How T-Mobile Uses Data to Build A Better Experience
“Designing around what we don’t know is more valuable than building on what we know.” — Matt Rednor, Founder and CEO, Decoded Advertising
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In order to make executive decisions on how to move forward and grow your business, you need data. Once you’ve acquired your data, it can be difficult to know what to do with it and utilize it effectively.
This is where Decoded Advertising comes in to play.
During #SMWNYC, the company’s CEO & Founder, Matt Rednor, discussed how he helped Tiffany Holland, Digital Marketing Enterprise Director at T-Mobile, collect and translate figures differently to the typical and misleading A/B technique. Together, they analyzed and understood them, experimented, and strategized.
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“T-Mobile has recently become a disruptor brand in the marketplace trying to be the un-carrier amongst the carriers,” Holland explained. “We are heavily customer focused.”
The ethos of Rednor’s Decoded Advertising is “thoughtful ignorance” and when it comes to marketing, “designing around what we don’t know is more valuable than building on what we know,” he says. “This is why it’s not just about using the data you collect but understanding it. The more we understand it, the more we can use it.”
Key factors to consider when working with data
Factors to think about when using data to drive campaigns include the mode of message, format, and tonality. “Can we make the offer more interesting if we articulate it in different ways? What is the right sequence for a particular campaigns progression and content creation? What are we offering? Employment or a community?” Rednor continued.
It is essential to separate the signals from the noise as you can often drown in too much data. Even by starting off collecting data from broader audiences, the aim is to move to more segmented in order to notice particular trends and inclines. “Certain benefits would work well with certain audiences,” Holland said when discussing T-Mobiles own campaigns.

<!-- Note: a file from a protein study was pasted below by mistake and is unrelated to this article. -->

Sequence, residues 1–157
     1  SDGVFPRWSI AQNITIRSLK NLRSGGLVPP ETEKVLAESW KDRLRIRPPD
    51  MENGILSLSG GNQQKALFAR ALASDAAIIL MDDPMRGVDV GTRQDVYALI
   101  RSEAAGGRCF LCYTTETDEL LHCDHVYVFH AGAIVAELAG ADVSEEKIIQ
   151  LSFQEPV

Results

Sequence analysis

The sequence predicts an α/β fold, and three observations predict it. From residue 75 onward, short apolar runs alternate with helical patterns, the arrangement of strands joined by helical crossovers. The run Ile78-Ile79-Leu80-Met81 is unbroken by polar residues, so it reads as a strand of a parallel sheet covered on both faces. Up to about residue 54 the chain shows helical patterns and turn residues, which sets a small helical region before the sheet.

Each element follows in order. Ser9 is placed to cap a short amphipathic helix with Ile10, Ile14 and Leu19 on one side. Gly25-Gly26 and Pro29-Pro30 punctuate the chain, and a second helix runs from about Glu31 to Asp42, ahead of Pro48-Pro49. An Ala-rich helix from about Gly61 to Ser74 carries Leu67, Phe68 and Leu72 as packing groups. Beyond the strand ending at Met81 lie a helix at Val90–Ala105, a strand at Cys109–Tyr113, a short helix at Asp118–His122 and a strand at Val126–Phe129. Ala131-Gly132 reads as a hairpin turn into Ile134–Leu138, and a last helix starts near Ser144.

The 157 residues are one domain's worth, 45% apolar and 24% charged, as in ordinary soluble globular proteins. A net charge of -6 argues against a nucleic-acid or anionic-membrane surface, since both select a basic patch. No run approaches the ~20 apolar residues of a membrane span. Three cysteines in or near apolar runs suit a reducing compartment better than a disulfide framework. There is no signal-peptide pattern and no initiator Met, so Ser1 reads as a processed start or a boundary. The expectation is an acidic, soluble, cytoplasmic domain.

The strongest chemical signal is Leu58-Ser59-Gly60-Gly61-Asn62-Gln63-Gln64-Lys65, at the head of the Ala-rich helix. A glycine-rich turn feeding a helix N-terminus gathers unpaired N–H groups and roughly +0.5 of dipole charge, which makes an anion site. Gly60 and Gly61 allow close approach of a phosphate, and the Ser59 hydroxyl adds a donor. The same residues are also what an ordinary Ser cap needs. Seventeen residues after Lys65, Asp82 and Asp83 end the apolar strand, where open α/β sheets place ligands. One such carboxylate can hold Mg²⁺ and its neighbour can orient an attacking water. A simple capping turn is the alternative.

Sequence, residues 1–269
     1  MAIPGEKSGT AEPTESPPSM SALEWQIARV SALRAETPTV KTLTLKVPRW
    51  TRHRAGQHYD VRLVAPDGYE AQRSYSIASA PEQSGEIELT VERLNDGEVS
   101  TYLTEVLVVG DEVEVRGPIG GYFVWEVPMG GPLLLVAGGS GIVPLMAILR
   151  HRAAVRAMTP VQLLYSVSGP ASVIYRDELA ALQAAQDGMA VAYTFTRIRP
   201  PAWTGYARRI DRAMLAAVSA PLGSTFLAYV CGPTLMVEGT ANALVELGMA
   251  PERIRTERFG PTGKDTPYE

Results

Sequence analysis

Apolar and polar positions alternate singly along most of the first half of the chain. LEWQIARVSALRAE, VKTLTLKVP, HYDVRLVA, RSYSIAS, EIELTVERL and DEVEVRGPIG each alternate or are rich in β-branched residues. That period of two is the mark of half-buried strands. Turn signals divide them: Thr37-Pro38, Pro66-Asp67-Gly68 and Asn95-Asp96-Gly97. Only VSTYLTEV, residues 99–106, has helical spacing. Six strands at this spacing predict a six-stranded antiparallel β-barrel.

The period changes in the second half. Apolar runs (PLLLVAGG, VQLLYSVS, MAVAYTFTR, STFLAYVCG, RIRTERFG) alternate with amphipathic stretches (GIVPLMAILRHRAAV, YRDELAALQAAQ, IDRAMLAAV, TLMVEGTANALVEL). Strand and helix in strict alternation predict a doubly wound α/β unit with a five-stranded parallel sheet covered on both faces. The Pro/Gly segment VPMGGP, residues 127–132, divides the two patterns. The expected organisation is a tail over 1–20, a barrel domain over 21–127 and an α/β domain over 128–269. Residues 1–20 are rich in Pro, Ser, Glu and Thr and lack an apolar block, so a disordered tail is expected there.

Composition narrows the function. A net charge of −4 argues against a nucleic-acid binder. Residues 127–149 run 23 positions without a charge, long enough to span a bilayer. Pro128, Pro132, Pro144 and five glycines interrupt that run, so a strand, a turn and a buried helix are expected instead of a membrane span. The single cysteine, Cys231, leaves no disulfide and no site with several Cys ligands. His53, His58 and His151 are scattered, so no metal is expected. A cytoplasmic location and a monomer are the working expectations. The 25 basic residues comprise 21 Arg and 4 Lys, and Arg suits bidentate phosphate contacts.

A/B experimenting and marketing can find businesses averages, but these can often be misleading. Often polarizing figures can have the most impact when tended to. Delving into data further outlines circumstantial, indicative and red herring results.
Explore the full potential of ideas
Holland says they use data to expand minds around experimental design in order to explore the full potential of an idea.
For example, T-Mobiles senior discount campaign, targeted at those aged 55 years and over, explored their data on this particular demographic until they reached a resonation of them being savvy travelers and went beyond their initial stereotype. They went forward to incorporate this narrative within their advertising as well as taking their visual photography model a step further into the realms of illustration and then graphics. At the point of illustration, they saw a 200 percent increase in performance and 225 percent in graphics.
Holland concluded by saying, “None of this matters unless you embrace the data. When you have the data to prove what will work then it becomes really powerful and forces you to have conversations and be players and influencers in the brand market place. Think Big. Assume Nothing. Build that love.”
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